Or seek out Islamic counsel to guide and encourage you to take the right path, not the perceived easy path.

Say: “Astaghfar Allah wa Atubu ilayh” (May Allah have mercy on me and accept my repentance) 100 times a day, as was the Sunnah of Prophet Muhammad (sa).

When fearful, say: “La ilaha ill Allah” (there is no deity but Allah).

If someone expresses suicidal thoughts to you, it is important that you warn him or her of the consequences that their soul will have to bear. Nevertheless, pray for the soul that committed suicide, for Allah knows the truth and really forgives. “He is Oft-Forgive, Most-Merciful.”

According to a report by Shifa News International, published in the August 2004 issue of ‘Madadgar’, an NGO quoted, almost 2,386 people in Pakistan committed suicide in 2004 & around 468 people failed in their attempt.

Sindh led other provinces in this regard with an estimated count of 1,391 cases, 804 in Punjab, 108 in NWFP & 83 in Balochistan. In Sindh an average of five cases were reported daily in different areas.

Concept of group suicide

Strange facets of suicide have surfaced in recent years. In the town of Minano in Japan, police recently found four men and three women dead in a car parked on the mountainside. It was a case of group suicide whose members had become acquainted with each other over the inter net. What led them to commit suicide is yet to be known. Dawn

Suicide is Europe’s unseen killer

58,000 people commit suicide annually in Europe according to the European Union’s health chief. Most suicides in the 25-nation bloc are linked to mental illness, especially depression. 15% who suffer severe depression commit suicide while 56% attempt to kill themselves. Reuters

Beautiful Names

Vol 1-Issue 2    Beautiful namesAl-Malik – The King or The Sovereign.

The Sovereign is the one who has the power to dominate over everything.

Al-Malik implies that:

  1. He has the complete right to govern what He owns,
  2. He has complete authority over what He owns,
  3. He possesses predominant power over everything,
  4. He alone does what he wants with regards to prohibitions.

He is the Supreme Ruler of the human race; He alone is the lawmaker and has the right to change them without permission from anyone.

Imam Al-Ghazali explains that Allah is The Sovereign who is independent of any being either in His person or attributes. Rather everything that exists gains its existence from Him.

Furthermore, man is always in need of Allah for his existence. And the kingship given to man is a gift from Allah whose sovereignty has no competitor.

Abu Hurairah (rta) reported that the Prophet (sa) said: “Allah, the Exalted and Glorious, will seize the earth on the Day of Judgment and will fold the heavens in his right hand and will say: ‘I am the Lord; where are the kings of the world?'” (Muslim)

Malik is used in the Quran 5 times in Surah Al-Hashr verse 23, Surah Ta-Ha verse 114, Surah Al-Jumuah verse 1, Surah An-Nas Verse 2. Malik Al-Mulk that appears in Surah Al-Imran verse 26 is the one who executes his word in His kingdom as He pleases. Malik is used once in Surah Al-Qamar Verse 55.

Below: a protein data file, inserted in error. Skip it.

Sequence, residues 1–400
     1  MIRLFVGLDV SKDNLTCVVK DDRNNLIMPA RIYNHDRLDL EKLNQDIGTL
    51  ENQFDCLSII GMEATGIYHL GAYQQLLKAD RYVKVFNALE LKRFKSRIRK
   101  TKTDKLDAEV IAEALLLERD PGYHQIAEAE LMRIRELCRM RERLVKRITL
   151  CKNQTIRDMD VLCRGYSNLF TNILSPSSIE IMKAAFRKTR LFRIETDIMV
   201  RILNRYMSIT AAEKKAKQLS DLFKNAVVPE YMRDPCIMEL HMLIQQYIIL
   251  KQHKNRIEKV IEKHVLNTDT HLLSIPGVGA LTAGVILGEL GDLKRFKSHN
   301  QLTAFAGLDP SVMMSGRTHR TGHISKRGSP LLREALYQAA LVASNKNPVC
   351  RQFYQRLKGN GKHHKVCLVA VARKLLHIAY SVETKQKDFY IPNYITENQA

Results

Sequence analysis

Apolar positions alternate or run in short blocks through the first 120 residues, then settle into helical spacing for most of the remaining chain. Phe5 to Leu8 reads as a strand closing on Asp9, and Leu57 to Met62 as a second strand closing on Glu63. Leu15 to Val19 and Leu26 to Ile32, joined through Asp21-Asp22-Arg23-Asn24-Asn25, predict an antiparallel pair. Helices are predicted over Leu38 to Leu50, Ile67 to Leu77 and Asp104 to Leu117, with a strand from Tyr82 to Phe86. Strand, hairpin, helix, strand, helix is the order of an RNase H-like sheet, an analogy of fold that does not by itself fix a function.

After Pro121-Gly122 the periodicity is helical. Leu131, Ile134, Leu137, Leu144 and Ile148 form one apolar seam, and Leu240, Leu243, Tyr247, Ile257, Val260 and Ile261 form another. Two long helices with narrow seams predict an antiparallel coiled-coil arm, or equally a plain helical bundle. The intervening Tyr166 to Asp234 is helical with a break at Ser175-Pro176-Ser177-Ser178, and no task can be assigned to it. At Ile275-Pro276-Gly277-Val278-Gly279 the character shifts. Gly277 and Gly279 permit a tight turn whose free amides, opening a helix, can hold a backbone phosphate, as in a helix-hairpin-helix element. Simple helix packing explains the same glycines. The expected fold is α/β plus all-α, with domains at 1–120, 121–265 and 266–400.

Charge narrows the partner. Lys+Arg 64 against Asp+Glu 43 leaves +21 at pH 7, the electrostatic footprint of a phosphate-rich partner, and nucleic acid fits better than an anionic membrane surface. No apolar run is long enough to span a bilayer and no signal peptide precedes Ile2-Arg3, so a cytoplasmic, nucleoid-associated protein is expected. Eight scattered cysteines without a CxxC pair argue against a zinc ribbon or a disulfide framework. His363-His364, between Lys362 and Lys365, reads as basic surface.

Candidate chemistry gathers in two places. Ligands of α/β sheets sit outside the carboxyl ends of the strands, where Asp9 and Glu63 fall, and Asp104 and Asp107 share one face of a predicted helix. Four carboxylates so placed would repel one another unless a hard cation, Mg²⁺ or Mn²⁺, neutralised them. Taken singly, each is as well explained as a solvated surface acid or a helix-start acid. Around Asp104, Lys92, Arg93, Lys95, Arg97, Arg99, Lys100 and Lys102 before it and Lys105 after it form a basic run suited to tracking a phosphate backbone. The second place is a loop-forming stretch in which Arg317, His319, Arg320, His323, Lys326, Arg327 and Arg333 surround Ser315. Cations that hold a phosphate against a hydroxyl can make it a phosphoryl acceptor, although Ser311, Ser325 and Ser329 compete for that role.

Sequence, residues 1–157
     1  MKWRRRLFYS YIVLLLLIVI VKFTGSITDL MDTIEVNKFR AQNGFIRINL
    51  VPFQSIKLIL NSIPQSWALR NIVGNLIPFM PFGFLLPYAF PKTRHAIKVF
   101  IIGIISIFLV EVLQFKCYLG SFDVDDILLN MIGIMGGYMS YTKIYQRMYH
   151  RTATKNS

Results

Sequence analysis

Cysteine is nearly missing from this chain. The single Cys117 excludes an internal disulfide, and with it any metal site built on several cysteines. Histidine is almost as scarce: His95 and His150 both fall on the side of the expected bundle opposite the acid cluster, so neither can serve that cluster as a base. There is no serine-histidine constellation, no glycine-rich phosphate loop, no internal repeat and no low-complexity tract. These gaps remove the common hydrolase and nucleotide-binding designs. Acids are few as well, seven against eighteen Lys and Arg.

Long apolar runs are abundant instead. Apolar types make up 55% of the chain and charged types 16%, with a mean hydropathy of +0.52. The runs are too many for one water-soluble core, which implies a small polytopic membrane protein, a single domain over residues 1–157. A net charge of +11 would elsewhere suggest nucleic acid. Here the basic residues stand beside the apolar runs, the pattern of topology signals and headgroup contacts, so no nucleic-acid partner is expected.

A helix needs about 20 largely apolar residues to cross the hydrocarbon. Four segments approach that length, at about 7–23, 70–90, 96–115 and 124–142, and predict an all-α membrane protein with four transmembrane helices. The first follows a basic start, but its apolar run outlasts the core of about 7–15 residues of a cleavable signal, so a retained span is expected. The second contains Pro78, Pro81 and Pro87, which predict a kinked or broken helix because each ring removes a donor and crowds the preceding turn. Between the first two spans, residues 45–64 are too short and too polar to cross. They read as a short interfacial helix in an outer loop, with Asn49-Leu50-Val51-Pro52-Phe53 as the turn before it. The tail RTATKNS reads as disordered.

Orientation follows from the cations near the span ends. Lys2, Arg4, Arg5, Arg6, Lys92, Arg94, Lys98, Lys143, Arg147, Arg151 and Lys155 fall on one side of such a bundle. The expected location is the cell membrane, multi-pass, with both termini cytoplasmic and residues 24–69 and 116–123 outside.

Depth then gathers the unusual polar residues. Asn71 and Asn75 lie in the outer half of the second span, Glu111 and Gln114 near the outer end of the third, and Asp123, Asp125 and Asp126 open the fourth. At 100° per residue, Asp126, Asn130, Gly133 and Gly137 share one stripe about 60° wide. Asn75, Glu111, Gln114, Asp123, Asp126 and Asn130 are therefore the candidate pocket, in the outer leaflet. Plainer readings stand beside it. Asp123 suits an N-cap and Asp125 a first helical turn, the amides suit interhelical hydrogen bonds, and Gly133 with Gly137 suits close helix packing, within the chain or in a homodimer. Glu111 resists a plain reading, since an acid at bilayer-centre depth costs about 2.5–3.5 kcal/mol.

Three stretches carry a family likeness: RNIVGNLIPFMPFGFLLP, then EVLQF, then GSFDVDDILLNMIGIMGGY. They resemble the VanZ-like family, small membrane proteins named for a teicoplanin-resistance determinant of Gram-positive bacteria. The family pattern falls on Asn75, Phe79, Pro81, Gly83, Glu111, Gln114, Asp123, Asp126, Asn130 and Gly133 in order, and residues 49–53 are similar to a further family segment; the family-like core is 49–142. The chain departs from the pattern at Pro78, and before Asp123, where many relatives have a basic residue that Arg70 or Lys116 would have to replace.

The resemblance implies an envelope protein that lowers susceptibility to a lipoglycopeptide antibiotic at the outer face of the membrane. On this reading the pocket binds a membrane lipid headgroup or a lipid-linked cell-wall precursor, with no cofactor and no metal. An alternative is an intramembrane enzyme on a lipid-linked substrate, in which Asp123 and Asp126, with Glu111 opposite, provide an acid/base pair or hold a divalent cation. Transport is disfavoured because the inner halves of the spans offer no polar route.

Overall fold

Al-Quddus – The Pure, Blessed and Holy.

This is another attribute that conveys Allah’s purity and freedom from all flaws. It also implies that Allah bestows purity on others and in turn alludes to Allah’s perfection. The Prophet (sa) in his Dua of Ruku and Sujood said: “Subboohun, quddoosun Rabbul Malaikati War Ruh,” Perfect and Holy Lord of the angels and Jibreel. (Muslim)

Imam Al-Ghazali said that Allah is free of any defect that man can think of, and his purity is beyond human imagination.

A believer is obligated to maintain a pure concept of Allah that befits His majesty, in order to maintain a correct Aqeedah and correct opinion of Allah. Whoever has a good opinion of Allah, Allah will be up to that expectation.

Al-Quddus appears in Surah Al-Hashr verse 23: “He is Allah, besides whom there is no other God, the sovereign Lord, the Holy one.” Surah Al-Jumu’ah verse 1: “Whatever is in the heavens and on the earth, both declare the praise and glory of God, the Sovereign, the Holy One, the exalted in might and wise.”

As-Salam – To be safe, sound, and flawless.

Allah is the source of peace. His actions are untarnished or unimpaired by evil, i.e. evil intended for evil itself.

Imam Al-Ghazali explains Allah’s being as safe, sound and free from any flaws. Otherwise, the creation would not be safe.

This attribute of Allah appears in Surah Al-Hashr verse 23: “Allah is He, than Whom there is no other God;-The Sovereign, the Holy one, The Source of Peace.”

The Prophet (sa) used to make the following Dua after every Salah: “O Allah you are As Salam and from you is all peace, blessed are you, O possessor of Majesty and Honour.” (Muslim)